Design challenge of a world in which all designed objects are subsumed into boring hard drives

Core77's Carla Diana looks at the design solutions that industrial designers have come up with to impart fetishistic desirability on the hard drives that are replacing thousands and thousands of books, CDs, videos, games, etc. My world is definitely divided into stuff that I can compress onto a hard-drive and then stick in a box and forget, and stuff that gets displayed or worn, and virtually nothing else (though I just discovered the hard way that moving a half-terabyte of data from your old encrypted laptop hard drive to your new one is a veeerrrryyy sloooooow).
If so much of our personal history is getting compressed into data, and digital imaging, cloud computing, and streaming media have become an integral part of daily experience, being sensitive to the physical presence of these devices is an important responsibility. Creating distinctive, engaging objects that help people manage and understand the nature of data--an imperceptible property that is at once fragmented, modular and flowing--is a new and challenging opportunity. Data-management devices such as routers, hard drives and modems--previously relegated to back corners and spaces under desks--are now front and center, featuring prominently in people's living rooms, desktops and front pockets. Once the exclusive domain of the cable guy and corporate IT manager, they are now mainstream products that moms and dads will buy to place front and center in a living room, veritable shrines to the data that is contained within or flowing through them. Once designed to look benign, apologetic and clumsily invisible, they are now becoming sculptural pieces that warrant a strong presence in the domestic landscape. Though it may often seem like the industrial designer's job is to create a "black box" around circuit boards, the ability to take the complex nature of data and translate it into meaningful form is more important than ever before. More than mere shells for electronic components, they play a totemic role in the home and act as the threshold for rich, emotionally-laden content and timely personal communication.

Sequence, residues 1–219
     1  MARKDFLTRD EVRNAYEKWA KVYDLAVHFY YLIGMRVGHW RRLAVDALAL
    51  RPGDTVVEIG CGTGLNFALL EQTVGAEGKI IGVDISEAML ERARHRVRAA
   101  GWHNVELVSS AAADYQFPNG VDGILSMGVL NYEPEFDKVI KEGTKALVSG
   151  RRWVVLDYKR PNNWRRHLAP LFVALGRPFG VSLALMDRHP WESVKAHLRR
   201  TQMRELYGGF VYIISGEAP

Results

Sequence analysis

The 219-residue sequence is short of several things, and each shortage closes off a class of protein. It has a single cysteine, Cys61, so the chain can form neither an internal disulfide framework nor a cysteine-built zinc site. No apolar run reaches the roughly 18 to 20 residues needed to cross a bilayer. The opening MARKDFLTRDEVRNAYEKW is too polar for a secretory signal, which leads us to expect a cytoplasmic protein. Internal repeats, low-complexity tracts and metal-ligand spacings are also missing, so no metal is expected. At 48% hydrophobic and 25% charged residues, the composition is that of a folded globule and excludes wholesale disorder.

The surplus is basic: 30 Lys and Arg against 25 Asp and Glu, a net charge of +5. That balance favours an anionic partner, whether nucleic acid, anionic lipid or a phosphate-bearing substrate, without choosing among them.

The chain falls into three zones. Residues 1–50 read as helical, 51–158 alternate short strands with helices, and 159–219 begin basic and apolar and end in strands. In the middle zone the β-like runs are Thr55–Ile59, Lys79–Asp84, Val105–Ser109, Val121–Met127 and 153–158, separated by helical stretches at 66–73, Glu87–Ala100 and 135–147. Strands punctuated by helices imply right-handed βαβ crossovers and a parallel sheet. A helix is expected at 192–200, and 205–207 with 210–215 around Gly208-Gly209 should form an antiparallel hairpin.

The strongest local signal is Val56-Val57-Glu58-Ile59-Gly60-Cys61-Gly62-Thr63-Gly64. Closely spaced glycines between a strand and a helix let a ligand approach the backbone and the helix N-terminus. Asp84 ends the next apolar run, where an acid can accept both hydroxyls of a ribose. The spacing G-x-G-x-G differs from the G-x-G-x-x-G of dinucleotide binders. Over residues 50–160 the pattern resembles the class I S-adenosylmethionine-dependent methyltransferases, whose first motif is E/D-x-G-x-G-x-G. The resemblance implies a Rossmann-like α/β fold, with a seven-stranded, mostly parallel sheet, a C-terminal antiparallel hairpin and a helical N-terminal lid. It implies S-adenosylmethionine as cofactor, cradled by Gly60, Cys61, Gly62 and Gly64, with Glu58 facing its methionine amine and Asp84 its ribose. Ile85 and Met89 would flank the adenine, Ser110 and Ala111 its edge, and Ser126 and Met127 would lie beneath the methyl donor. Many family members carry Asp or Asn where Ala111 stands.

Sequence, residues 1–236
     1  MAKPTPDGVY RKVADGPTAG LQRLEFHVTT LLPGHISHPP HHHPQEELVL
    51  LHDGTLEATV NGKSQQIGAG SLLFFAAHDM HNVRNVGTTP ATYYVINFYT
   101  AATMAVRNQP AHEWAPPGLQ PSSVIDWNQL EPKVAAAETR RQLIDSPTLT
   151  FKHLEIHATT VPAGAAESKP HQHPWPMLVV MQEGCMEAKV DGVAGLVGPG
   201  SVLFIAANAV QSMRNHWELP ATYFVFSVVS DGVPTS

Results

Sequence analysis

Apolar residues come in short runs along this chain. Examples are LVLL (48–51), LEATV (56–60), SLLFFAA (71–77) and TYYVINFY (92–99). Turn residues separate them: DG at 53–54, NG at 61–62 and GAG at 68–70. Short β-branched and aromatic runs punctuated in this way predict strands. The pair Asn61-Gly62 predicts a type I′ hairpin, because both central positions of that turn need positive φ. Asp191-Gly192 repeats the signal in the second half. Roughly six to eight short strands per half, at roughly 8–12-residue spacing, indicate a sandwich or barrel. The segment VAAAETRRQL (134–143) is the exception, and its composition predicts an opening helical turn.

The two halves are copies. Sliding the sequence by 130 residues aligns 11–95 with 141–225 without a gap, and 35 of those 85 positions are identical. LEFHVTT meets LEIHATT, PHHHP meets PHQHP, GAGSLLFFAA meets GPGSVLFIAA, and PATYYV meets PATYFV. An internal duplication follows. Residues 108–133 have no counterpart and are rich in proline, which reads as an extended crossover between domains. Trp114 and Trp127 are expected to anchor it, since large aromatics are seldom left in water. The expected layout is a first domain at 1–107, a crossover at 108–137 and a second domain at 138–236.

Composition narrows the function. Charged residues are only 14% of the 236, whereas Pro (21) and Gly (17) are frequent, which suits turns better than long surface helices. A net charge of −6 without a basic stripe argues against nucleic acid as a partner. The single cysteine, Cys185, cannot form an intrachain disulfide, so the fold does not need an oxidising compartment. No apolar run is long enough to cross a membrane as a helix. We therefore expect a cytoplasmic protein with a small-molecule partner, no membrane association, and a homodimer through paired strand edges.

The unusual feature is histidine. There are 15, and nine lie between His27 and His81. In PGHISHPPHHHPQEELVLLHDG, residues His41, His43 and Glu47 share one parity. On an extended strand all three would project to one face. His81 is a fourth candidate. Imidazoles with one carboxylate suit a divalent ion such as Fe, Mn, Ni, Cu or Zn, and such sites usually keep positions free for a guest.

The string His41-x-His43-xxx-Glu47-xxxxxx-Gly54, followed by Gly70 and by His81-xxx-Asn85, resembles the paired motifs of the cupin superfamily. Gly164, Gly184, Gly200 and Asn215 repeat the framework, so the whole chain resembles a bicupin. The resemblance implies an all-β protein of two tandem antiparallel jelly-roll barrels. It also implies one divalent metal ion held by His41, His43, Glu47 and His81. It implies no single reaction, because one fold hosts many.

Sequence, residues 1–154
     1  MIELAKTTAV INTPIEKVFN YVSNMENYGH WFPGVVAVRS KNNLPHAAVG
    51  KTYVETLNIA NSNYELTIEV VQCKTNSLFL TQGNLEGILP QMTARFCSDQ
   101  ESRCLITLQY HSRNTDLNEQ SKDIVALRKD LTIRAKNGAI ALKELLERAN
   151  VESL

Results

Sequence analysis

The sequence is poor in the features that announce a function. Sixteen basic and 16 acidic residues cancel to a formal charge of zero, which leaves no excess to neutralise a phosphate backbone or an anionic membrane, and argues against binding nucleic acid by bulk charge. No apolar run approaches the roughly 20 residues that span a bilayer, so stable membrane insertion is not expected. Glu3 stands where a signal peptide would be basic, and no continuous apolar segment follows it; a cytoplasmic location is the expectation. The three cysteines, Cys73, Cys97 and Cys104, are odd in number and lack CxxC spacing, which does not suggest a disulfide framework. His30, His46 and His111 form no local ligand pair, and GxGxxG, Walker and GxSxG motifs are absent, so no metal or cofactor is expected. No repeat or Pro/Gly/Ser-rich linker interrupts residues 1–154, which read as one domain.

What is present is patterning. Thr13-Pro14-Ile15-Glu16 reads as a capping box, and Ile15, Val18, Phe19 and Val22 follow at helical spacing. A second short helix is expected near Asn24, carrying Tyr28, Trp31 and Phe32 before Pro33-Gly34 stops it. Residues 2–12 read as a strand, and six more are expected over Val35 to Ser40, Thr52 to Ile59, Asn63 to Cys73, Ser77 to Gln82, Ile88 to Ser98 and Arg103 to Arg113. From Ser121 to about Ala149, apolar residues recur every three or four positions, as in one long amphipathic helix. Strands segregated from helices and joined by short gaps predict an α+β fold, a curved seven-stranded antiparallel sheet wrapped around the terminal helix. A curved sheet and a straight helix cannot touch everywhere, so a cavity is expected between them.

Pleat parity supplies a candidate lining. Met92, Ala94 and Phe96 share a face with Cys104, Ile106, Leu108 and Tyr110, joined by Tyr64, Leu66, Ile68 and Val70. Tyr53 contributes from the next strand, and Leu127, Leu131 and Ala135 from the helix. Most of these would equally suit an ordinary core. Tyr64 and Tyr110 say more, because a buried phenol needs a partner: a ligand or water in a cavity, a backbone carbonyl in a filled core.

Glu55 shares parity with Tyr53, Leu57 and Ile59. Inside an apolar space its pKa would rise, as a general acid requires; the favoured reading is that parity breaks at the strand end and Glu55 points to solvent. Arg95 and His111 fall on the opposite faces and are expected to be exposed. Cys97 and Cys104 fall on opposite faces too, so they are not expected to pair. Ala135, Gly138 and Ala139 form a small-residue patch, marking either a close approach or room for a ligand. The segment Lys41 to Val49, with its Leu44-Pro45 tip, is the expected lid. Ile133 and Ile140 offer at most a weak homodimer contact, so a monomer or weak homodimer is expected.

Atoms For Bits: Designing physical embodiments for virtual content - Core77 (via Beyond the Beyond


  1. my data-status will be in the form of a huge pyramid of stone that has a few kilos of media buried deep inside.

  2. I want an error-proof, multi-terabyte medium that looks just like a 5.25″ floppy, and is readable in something that looks just like a 5.25″ floppy drive.

    I want the storage media to say “Elephant Memory Systems: Never Forgets” on the label.

    That would be my personal geek-nostalgia peek.

  3. @Cory “My world is definitely divided into stuff that I can compress onto a hard-drive and then stick in a box and forget, and stuff that gets displayed or worn, and virtually nothing else”

    What about food and drink, friends and family, the rest of humanity … ?

  4. Nosehat, dude, that was a total nostalgia trip. I hadn’t thought about the Elephant Memory Systems logo and slogan in years. I remember being a kid, feeling the high quality of the disk sleeves that Elephant used, and thinking “this is the FUTURE!!”

    Funny how it was more like the present – soon-to-be past.

    I need some of their stickers.

  5. The excerpted text, first it was exciting if a little perfumey, then, like, the water got deeper and deeper as it progressed– but I followed all the way until… totemic role??.

    But Elephant Memory 5.25″ disks! I pledge never to forget! I used to buy hard-sectored disks and put electrical tape over one of the sector holes so I could use them with my recombo Western Digital controller / mutato North Star software. In order to store, what, 250K? Sure beats a cassette tho.

  6. it’s stored in the paint on my laptop.
    or, if i have to carry it and use it all the time, it’s in the form (and disposability) of a 3×5 index card.

    where’s my data paint?
    and, for that matter, where’s my superconductive paint?

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